The run on toilet paper that occurred at the start of the coronavirus pandemic left many stores with a severe shortage of the product for weeks — and some still are unable to keep it on the shelves.
The demand has led to George-Pacific, including its Halsey-based plant, seeing a sharp increase in productivity over the past couple months.
Georgia-Pacific’s 14 tissue paper plants across the U.S. are, on average, producing 1.5 million more rolls of toilet paper per day than they were before the pandemic began, according to senior director of public affairs and communications Kelly Ferguson.
“I’ve been with G-P for about 15 years,” Ferguson said. “Talking to people who have been around as long, we’ve certainly never seen anything close to this. I’ve read lots of news articles looking at this. Why toilet paper? We don’t have the answer. There are many people out there who have proposed that answer. And paper towels really are the same thing. But I’ve never seen anything quite like this.”
While the demand for toilet paper, paper towels and other tissue products has caused Georgia-Pacific to produce a greater output than usual, it has not led to the company making any grand changes to its operating process.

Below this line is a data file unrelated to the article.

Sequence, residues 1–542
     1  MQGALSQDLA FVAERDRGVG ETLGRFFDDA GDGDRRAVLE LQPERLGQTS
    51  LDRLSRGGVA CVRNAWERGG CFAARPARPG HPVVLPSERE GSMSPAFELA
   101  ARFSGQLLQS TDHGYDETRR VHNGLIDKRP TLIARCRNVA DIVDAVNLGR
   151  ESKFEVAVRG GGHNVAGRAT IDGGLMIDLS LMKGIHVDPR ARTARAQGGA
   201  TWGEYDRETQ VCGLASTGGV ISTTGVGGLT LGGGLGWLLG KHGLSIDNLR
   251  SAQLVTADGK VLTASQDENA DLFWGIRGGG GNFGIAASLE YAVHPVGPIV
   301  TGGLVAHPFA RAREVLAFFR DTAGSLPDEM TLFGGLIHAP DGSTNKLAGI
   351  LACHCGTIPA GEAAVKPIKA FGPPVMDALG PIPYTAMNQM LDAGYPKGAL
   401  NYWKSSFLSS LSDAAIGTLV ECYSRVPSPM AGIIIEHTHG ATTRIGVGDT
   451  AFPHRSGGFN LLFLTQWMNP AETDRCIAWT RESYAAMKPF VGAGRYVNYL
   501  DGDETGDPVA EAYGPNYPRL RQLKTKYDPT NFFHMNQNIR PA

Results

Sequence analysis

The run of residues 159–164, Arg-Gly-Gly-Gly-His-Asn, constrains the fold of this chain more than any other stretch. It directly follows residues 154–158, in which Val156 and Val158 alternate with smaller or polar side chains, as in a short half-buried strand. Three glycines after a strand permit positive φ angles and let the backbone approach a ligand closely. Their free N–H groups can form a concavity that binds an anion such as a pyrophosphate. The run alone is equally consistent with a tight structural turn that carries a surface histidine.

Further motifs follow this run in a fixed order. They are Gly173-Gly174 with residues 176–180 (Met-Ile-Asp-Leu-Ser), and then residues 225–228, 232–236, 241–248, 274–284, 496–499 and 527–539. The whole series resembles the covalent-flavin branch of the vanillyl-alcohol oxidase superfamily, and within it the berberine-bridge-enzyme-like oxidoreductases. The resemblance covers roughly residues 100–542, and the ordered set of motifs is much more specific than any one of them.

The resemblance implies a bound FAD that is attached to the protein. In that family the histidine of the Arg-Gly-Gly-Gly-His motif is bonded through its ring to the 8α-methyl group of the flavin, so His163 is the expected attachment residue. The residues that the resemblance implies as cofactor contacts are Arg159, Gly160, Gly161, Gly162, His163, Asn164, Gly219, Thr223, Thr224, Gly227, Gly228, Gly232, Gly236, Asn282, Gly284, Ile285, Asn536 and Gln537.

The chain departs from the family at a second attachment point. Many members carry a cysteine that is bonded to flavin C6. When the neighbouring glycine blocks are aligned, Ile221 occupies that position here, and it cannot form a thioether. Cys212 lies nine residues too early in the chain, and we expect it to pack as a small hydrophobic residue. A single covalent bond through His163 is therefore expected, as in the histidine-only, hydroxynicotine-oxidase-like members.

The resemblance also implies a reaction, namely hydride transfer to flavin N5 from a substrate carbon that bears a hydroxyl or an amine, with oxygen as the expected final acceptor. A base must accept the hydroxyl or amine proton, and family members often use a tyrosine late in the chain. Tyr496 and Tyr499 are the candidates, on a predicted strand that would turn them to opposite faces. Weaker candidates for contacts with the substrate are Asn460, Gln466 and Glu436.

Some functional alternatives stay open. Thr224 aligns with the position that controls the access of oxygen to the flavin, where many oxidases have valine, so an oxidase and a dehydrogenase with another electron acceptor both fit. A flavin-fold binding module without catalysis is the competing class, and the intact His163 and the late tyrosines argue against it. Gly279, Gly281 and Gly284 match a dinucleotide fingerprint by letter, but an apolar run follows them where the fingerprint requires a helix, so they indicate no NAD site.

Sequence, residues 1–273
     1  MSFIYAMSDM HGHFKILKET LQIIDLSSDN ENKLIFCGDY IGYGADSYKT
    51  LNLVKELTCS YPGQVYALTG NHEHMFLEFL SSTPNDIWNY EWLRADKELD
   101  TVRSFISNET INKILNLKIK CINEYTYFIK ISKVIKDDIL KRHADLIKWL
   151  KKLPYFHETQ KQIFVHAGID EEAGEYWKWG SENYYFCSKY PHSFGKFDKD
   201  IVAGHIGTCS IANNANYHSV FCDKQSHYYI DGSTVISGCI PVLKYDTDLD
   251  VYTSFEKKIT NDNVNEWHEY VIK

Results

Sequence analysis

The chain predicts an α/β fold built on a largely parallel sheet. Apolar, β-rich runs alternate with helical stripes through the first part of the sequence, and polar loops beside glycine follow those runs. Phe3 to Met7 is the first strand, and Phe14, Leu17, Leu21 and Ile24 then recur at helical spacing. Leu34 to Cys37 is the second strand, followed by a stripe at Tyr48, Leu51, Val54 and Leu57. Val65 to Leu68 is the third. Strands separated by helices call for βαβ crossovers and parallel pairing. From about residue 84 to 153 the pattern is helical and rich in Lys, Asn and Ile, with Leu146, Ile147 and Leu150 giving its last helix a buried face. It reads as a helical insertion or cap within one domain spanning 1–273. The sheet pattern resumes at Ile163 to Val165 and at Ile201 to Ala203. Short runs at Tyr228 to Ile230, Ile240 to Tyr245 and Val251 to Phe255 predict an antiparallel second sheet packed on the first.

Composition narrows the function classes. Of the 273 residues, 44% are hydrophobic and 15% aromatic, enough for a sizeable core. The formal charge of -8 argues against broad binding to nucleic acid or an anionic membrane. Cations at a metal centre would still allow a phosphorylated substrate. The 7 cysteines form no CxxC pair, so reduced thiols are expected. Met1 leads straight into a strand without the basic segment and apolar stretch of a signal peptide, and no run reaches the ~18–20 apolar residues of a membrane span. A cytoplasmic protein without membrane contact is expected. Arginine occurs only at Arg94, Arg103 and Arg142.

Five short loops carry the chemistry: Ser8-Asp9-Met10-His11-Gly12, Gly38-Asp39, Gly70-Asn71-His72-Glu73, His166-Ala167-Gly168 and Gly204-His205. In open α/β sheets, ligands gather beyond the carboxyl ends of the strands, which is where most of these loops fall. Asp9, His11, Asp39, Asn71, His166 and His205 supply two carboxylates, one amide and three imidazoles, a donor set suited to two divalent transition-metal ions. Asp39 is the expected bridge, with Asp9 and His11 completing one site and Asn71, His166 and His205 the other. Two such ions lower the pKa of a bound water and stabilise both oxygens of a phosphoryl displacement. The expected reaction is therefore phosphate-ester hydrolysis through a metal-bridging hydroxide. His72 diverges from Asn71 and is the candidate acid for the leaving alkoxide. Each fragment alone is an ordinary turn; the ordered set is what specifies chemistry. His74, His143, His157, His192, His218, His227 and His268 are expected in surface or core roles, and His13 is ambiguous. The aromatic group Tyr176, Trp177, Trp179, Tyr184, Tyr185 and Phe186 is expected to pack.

The Halsey plant, which employs more than 300 workers, was already a 24/7 operation before the pandemic started, and it has not needed to make additional hires to accommodate customers.
“We were producing a lot of toilet paper before all of this began,” Ferguson said. “I can’t say that we have necessarily done anything specific to boost production. But we have made some production records that we haven’t seen in quite some time.”
Producing enough product hasn’t been a problem, but getting that product shipped where it needs to go has proven difficult and contributed greatly to the shortage shoppers are experiencing.
“You can only turn so many trucks and that’s just a reality,” Ferguson said.
One way Georgia-Pacific has attempted to remedy the shipping bottleneck is by delivering directly to its customers, instead of sending shipments to a distribution center like it typically would.
“Things that you don’t see on store shelves when you go to your local grocer, a lot of that is related to just being able to get the product and fulfill what is really unprecedented demand,” Ferguson said.
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